Blackberries are an edible fruit from the Rubus genus, and blackberry plants are just one type of flowering plant from the Rosaceae family. Blackberries are dark fruits made of small drupelets that grow on thornless or pricked canes. Although blackberry plants are easy to grow, common blackberry problems threaten the growth of blackberry bushes.
Blackberry plants are perennial plants that grow biennial canes from their root system. The first year of growth for blackberry bushes involves developing primocanes that produce leaves but no flowers. The following year these canes become floricanes with buds that produce lateral growths. Flowers bloom from these laterals, allowing these plants to pollinate and grow blackberry drupelets.
As rewarding as blackberry bushes are for home growers, these are various problems you may encounter when caring for fruiting canes. Common issues for blackberry bushes involve diseases that lead to defoliation and pests that threaten the life of your plant and blackberry yields.
Problems When Growing Blackberries
During the growing season, blackberry bushes may become affected by various diseases from fungal or bacterial sources. These diseases affect the leaves, canes, and even the fruit of the blackberry plant.
Insect pests are another issue for blackberry bushes as they damage the foliage, and blackberry seeds need to be protected from insect activity. Bushes with severe damage may never produce fruit and cause gardeners to remove infected plants or canes to save the rest of their blackberry plant.
Fungal Blackberry Diseases
Fungal infections in gardens are not uncommon because wind spreads fungi, allowing it to infect plants quickly. Depending on the fungus, the infection targets your blackberry plant’s leaves, canes, or fruit.
Anthracnose is one disease that affects the canes of blackberry plants and causes them to develop lesions. Because this fungus overwinters in infected canes, it’s best to prune diseased canes to prevent the spread.
Another common fungal disease is cane blight, which results in cankers forming on the canes of your bushes. This fungus overwinters in old canes and debris left behind after pruning. Be careful when transplanting blackberry bushes into soil, as new plants can be infected by stems left over in the ground. To avoid the risk of cankers, schedule pruning during periods of dry weather to prevent rainfall from carrying fungus spores to your plant.
Blackberry Problems from Bacterial Diseases
Crown gall is a common disease that infects flowering plants and causes swelling growth on the plant. These galls form on canes above ground level but may develop on the root system.
Plants become infected with crown gall once the bacterium enters the plant, typically through a wound caused by pruning or weather damage. Because there is no cure for crown gall, destroying infected plants is the best option to prevent it from spreading to other plants.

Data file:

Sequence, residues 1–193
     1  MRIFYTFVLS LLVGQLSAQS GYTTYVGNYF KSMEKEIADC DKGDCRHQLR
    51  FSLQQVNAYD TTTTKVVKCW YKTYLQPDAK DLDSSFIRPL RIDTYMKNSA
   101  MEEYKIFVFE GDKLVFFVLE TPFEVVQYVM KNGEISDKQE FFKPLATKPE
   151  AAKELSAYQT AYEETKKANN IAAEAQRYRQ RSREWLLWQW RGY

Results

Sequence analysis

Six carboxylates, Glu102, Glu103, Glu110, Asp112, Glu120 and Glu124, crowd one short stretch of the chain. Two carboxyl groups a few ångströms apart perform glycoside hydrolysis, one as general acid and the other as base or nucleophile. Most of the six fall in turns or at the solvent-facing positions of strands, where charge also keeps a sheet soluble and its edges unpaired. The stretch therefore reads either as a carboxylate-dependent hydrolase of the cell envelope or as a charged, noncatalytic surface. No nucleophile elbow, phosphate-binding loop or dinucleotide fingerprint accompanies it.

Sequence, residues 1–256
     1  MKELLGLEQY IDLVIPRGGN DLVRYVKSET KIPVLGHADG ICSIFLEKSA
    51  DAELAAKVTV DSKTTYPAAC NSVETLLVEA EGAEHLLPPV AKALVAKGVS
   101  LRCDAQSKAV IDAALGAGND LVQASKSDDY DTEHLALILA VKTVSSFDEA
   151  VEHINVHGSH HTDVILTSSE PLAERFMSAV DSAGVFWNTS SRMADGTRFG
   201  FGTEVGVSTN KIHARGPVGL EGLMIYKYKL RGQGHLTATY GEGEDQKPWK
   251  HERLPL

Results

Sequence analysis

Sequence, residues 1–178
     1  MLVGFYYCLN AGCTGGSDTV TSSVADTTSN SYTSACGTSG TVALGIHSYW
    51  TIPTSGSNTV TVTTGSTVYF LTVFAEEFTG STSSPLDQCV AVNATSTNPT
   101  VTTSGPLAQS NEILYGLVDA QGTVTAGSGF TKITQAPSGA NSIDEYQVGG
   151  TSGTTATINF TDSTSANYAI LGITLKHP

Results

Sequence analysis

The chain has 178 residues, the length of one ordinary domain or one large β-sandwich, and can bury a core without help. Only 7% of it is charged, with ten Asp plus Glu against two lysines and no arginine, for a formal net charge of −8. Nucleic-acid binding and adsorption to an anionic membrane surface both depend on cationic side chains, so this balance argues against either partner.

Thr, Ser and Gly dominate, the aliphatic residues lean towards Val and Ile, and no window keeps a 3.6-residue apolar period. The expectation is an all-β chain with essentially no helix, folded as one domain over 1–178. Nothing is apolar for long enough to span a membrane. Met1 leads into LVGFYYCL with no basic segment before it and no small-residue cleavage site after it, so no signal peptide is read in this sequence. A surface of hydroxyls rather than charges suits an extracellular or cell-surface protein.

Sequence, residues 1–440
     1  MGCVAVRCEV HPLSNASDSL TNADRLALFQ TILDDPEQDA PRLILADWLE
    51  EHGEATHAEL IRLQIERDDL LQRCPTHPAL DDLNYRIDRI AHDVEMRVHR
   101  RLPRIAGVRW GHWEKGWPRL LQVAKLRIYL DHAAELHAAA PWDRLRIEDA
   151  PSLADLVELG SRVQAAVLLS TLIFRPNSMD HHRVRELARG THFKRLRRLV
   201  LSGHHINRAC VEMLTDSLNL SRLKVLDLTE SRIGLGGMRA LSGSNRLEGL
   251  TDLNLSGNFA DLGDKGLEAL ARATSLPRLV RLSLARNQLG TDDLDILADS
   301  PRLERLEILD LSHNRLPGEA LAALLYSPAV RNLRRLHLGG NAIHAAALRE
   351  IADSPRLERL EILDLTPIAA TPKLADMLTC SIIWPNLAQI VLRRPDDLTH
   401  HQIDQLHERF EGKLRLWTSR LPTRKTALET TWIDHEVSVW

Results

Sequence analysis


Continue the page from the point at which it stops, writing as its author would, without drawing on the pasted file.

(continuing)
To avoid further issues with crown gall, practice crop rotation and avoid planting seeds or starts in areas affected by crown gall in the past three years.
Why are My Blackberry Leaves Turning Orange?
If your plant’s new growth is weak and you see blackberry leaves turning orange, these are symptoms of a fungal infection known as orange rust. Once infected by the fungus, leaves develop a pale color before pustules grow on the underside of the leaf.
These bumps become orange and powdery as they spread over the leaf surface, eventually causing leaves to fall off the plant.
This fungus overwinters inside the brambles of wild blackberry plants. To manage the spread of orange rust, prune and burn infected canes after harvest. Another method to prevent orange rust from spreading to nearby plants is to treat the orange rust with fungicides. There are different types of blackberry bush needs, so be sure to learn about the type of blackberry bush that you have.
Dealing with Bugs in Blackberries
Insect pests are a severe threat to your garden as bugs in blackberries lead to plant damage if infestations are left to feed on the leaves and canes of your blackberry bush. Although insect damage is not typically fatal to blackberry plants, finding bugs in blackberries leads to defoliation and a reduced yield.
Common Blackberry Pests
Japanese beetles are a common pest on the leaves of blackberry plants. Adult beetles chew on foliage that becomes skeletonized; however, because of their size, picking beetles off your plants is an effective method for managing their numbers.
Leafrollers are a pest that leaves distinct signs of activity on host plants. Mature larvae use webbing to string together leaves, causing them to fold or roll over on themselves. The larvae feed inside the safety of the rolled leaf.
Burrowing insects, like the cane borer, create tunnels inside the canes of your blackberry bush. Cane borer activity in canes causes galls, and cane borers overwinter inside these growths. Remove canes with galls to destroy larvae and treat your bushes with a homemade insecticide to manage pest activity.
Combine dish soap with water in your sprayer to emulsify the water, and add the cold-pressed neem oil. Spray your bushes at dawn or dusk to avoid targeting beneficial insects while treating the canes and leaves for any bugs in blackberries.
Understanding the problems that blackberries face while growing blackberry bushes is vital. We hope you can now identify threats to your blackberry bushes to save your plants before it affects your blackberry fruit yield.
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